Disclaimer: The author of this post helped in the preparation to the Appellant's filings at CAAF.
In United States v. White, the government appealed a military judge’s decision to suppress evidence seized pursuant to a command authorized search and seizure. The military judge found there was insufficient nexus between the crimes alleged and the place to be searched. The military judge refused to apply the good-faith exception because the affidavit was so lacking in evidence there could not have been a reasonable belief that there was probable cause.
The N-MCCA reversed, finding no probable cause, but applying the good-faith exception under Perkins. Specifically, the Court relied on the fact that the NCIS agents emailed the SJA the affidavit before applying for the CASS.
CAAF now grants review on the following question: did the lower court err in determining the good faith exception applied when the Military Judge found so little indicia of probable cause existed that no reasonably well-trained officer would rely on the search authorization?
The supplement and argument information is available here.
Inexplicably, the government did not file a brief in support of their position to the CAAF. Seemingly, the sole filing under consideration is the supplement to the grant of review filed by the defense and the government's brief to the N-MCCA.
The search in this case arises out of financial transactions AE1 White engaged in Manila, Philippines. One such transaction was an unsuccessful attempt to send money to a person who was an associate of a known child-pornographer in the same geographic area. This was the closest the government came to linking AE1 White to criminal activity.
The N-MCCA explained in more detail the information known to investigators at the time of seeking the warrant (Slip op. at 10-12):
After AE1 White was charged with possession of child pornography in violation of Article 134, he challenged the admission of the evidence seized pursuant to the CASS. The military judge agreed and suppressed the evidence. The judge found there was no probable cause and declined to apply the good faith exception because the CASS application was “so lacking in indicia of probable cause as to render official belief in its existence entirely unreasonable." (Slip Op. at 6). The government appealed the decision pursuant to Article 62.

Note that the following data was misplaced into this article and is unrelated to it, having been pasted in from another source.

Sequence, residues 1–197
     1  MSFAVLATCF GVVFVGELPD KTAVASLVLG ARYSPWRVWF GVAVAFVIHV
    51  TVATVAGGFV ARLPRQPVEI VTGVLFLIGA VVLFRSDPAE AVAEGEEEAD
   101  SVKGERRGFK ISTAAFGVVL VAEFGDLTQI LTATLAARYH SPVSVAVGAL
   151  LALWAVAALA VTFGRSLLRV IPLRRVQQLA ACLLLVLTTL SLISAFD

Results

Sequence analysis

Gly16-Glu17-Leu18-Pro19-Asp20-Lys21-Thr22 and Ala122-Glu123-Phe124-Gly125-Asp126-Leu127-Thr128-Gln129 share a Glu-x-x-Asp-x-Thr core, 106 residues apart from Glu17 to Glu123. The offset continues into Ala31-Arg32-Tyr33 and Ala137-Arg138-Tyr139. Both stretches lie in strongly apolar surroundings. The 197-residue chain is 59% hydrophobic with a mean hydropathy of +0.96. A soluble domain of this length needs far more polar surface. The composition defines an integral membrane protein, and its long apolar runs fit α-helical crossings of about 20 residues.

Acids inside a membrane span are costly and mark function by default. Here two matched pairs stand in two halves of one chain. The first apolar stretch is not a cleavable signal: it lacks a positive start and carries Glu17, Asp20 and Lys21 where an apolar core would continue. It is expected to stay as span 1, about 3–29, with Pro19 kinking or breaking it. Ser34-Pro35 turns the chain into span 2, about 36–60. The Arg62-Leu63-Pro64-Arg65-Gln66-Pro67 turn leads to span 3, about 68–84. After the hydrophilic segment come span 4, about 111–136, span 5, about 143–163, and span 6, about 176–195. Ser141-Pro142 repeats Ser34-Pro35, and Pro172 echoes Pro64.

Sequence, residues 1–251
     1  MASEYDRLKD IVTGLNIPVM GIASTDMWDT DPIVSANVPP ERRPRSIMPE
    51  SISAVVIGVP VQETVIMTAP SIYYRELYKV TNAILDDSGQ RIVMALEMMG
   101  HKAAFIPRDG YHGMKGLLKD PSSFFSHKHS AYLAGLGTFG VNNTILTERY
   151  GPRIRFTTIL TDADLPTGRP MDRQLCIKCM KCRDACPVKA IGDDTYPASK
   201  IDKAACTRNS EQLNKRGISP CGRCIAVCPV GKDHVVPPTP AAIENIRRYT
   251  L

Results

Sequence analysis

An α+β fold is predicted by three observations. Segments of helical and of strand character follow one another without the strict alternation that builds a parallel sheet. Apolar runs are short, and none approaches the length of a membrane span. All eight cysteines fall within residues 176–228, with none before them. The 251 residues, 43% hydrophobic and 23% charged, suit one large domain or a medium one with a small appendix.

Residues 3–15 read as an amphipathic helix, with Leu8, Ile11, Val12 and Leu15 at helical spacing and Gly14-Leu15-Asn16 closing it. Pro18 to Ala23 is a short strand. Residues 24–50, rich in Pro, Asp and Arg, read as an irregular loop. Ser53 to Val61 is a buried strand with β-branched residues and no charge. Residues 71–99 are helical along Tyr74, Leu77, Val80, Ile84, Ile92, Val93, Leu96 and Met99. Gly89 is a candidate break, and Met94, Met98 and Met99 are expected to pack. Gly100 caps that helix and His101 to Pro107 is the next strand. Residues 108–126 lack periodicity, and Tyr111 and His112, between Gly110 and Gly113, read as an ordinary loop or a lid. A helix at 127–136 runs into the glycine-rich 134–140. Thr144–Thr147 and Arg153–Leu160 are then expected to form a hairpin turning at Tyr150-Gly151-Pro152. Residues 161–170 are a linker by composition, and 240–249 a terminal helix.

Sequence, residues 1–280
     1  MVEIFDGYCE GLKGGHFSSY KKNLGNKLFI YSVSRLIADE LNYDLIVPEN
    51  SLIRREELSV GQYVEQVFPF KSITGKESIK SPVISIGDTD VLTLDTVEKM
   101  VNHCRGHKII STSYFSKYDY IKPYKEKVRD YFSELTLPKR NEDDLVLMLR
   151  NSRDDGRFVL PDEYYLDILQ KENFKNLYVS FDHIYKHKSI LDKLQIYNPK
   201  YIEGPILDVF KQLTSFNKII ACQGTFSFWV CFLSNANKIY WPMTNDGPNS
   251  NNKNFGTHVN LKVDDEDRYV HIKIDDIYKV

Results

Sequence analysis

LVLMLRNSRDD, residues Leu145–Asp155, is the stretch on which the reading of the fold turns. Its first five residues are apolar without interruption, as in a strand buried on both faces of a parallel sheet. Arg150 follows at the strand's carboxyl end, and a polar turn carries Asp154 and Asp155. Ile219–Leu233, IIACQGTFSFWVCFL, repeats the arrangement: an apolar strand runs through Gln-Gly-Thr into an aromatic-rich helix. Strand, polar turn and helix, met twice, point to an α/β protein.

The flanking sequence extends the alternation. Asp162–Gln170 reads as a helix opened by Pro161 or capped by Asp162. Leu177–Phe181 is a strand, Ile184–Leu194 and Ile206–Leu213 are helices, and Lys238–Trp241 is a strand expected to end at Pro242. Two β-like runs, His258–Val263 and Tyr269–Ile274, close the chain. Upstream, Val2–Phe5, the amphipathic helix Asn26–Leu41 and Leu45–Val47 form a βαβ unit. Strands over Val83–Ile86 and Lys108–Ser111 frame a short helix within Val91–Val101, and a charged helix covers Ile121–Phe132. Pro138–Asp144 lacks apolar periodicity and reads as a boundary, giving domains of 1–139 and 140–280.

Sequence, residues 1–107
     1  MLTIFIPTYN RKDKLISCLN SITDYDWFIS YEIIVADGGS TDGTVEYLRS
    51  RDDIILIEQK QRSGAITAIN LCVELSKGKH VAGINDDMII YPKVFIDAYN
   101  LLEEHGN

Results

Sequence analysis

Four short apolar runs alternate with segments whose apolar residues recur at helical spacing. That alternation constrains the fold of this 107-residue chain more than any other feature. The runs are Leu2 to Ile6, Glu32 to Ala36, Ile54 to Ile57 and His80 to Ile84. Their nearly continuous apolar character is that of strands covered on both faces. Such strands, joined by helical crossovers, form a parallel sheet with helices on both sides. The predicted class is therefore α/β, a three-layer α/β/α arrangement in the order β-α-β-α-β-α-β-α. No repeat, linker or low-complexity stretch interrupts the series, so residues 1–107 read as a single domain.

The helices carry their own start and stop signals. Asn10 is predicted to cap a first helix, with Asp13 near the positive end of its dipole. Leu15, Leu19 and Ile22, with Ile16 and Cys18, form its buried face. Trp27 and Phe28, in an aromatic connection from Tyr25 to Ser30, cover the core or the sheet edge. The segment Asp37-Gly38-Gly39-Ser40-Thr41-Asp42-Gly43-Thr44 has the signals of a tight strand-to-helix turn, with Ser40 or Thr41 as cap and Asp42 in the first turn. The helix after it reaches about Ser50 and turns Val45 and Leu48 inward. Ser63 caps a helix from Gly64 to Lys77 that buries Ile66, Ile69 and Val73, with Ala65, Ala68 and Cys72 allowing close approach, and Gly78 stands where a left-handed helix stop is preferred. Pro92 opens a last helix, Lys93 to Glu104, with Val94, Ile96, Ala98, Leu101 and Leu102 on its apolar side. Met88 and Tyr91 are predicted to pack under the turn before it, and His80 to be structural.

The N-MCCA found the military judge abused his discretion by failing to apply the good faith exception. The lower court agreed “that despite [the NCIS agent’s] efforts, the information he provided to the CO and his legal advisor falls short of establishing probable cause for issuance of the search authorization.” (Slip Op. at 12).
The N-MCCA then went on to consider the good-faith exception. The analysis focused on the second prong, whether the agent reasonably believed the CO had a substantial basis to believe there was probable cause. The Court did not analyze the third prong: whether the agent acted in good faith and not whether the CO acted as a rubber stamp.
The N-MCCA considered the left and right limits of the good-faith exception jurisprudence that has been set by CAAF in recent years. On the side of refusing to apply the good faith exception the court considers United States v. Perkins, 78 M.J. 381 (C.A.A.F. 2019). On the side of refusing to apply the good-faith exception, the Court considered United States v. Hoffmann, 75 M.J. 120 (C.A.A.F. 2016), United States v. Darnall 76 M.J. 326 (C.A.A.F. 2017), and United States v. Nieto, 76 M.J. 101 (C.A.A.F. 2017). The court favorably compared this case to Perkins, mainly because the NCIS agent sent the application to the SJA.
AE1 White disputes the court’s application of the good faith exception and whether the court properly analyzed the third prong of the exception since it did not address whether the CO was acting as a rubber stamp.
Factually, this case differs from Perkins in the involvement of the SJA. It appears the NCIS agent merely CC’ed the SJA on an e-mail. In Perkins, three lawyers were involved in the drafting and granting of the application. In this case, the agent “checked a procedural box” by CC’ing the SJA, but did not obtain any substantive advice. (Appellant’s Supp. at 21).
AE1 White also takes umbrage with the standard used in the lower court’s consideration of the NCIS Agents good faith. He cites Malley v. Briggs, 475 U.S. 335 (1986), that the proper standard is “whether a reasonably well-trained officer . . . [in the same position] would have known that his affidavit failed to establish probable cause and that he should not have applied for the warrant.” (Appellant Supp. at 22). Applying this standard, AE1 White argues a “mere propinquity” to criminal conduct is insufficient to satisfy the standard. He argues this case is more similar to Nieto rather than Perkins because in Nieto, the government knew Nieto had a laptop and people tend to move illicit photos from their phone to their computer.
Finally, AE1 White argues the N-MCCA erred by considering facts that were known to the agent, rather than the facts that were presented to the CO. Specifically, the affidavit did not include that “mostly under fifty dollars and that there were at least ten different recipients for the 2015-2016 transfers.” (Appellant’s Supp. At 33).
Oral Argument is scheduled for September 29th at 0930. As Judge Ryan has retired, the Court welcomes back Retired Judge Effron to hear this case with the rest of the Court.
Maj. Thomas Fricton
Military Justice Editor